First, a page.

Whether you’re a patient or a physician in the U.S., you’re burned out, tapped out, stressed out, timed out.

While the 118th U.S. Congress can’t agree on much before the 2024 summer recess, there’s one bipartisan stroke of political pens in Washington, DC, that could provide some satisfaction for both patients and doctors: bring telehealth back to patients and providers permanently.

Those pens would do two things to modernize American health care for both patients and doctors: first, Congress would pass the CONNECT for Health Act (HR 4189. S 2016) and second, re-introduce and sign the Telehealth Modernization Act. 








Why this call-to-action on the 118th U.S. Congress to address telehealth right now?  Plainly put, we have 20th Century laws governing 21st century health care delivery. We have the opportunity to modernize U.S. health care, bring people back into the system, bolster physician well-being, and deliver on the promise of high-quality care that the U.S. has known how to deliver. Unless these legislative proposals are signed into law by summer 2024, the nation will have lost precious time to assure health citizens and providers alike that they can receive health care when and how they need it.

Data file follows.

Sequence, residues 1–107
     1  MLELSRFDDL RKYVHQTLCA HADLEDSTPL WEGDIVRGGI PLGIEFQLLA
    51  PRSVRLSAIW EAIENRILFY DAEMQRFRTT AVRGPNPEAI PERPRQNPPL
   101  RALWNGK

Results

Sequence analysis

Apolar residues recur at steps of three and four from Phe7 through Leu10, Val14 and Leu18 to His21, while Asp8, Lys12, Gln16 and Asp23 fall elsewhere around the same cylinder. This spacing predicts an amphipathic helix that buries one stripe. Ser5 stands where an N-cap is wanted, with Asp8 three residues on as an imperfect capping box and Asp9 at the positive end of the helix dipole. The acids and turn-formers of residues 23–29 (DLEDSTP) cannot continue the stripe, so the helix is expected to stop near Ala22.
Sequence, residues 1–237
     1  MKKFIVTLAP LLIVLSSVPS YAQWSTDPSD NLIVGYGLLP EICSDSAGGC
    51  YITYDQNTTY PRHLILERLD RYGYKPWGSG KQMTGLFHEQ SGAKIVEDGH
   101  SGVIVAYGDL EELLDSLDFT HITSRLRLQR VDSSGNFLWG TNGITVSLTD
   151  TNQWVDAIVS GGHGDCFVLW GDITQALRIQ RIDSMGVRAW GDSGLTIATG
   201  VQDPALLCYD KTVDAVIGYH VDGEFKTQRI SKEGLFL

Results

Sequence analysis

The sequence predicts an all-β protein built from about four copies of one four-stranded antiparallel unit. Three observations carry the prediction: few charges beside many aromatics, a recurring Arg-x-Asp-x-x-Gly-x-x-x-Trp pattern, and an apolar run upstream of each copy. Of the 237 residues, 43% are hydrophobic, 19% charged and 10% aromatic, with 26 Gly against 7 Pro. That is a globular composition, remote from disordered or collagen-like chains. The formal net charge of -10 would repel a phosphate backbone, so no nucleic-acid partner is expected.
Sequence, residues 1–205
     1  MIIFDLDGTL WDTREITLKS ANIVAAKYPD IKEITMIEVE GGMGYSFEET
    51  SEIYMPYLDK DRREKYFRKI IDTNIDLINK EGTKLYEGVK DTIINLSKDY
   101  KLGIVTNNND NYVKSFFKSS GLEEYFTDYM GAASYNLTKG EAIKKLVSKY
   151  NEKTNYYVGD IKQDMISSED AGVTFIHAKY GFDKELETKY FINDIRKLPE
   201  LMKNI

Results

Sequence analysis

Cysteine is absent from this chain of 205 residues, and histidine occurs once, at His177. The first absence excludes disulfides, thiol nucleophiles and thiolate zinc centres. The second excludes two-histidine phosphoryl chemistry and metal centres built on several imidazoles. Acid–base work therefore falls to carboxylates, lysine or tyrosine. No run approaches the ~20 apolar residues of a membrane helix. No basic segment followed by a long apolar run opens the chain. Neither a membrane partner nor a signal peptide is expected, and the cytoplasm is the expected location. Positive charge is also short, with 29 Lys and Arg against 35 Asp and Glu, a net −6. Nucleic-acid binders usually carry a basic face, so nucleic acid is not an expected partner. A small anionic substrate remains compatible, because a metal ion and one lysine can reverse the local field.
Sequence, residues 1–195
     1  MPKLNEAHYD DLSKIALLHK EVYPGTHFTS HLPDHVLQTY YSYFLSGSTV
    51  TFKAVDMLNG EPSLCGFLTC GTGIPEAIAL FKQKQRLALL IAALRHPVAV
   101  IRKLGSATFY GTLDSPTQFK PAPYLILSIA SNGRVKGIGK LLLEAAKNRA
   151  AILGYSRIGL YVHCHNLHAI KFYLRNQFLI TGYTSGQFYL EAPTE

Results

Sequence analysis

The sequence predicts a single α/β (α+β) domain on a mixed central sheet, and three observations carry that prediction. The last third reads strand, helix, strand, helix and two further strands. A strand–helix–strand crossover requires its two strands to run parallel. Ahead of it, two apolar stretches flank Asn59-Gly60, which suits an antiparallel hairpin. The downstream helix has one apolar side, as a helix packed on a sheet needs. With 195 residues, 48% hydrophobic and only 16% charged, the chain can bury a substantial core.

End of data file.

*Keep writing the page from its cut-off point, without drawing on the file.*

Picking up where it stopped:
Too many patients have not returned to the health care system. Many patients in the U.S. have still not returned to usual care, some delays due to cost and some postponing needed care due to concerns about exposure to viral risks. The latest research notes that the volume of preventive screenings in the U.S. have not returned to pre-pandemic levels, which can result in later, more dire and more expensive diagnoses for patients and families, employers, communities, and the economy-at-large.







Clinicians can’t be cloned….but telehealth can help scale precious human capital. Providers are burned out, in clinical shortage situations, and many contemplating retiring earlier than planned. Deploying telehealth with assured payment regardless of communications format would help practices better manage schedules and professional resources allowing licensed clinicians to each practice at the top of their license, conserving in-person “facetime” for those patients requiring in-person encounters.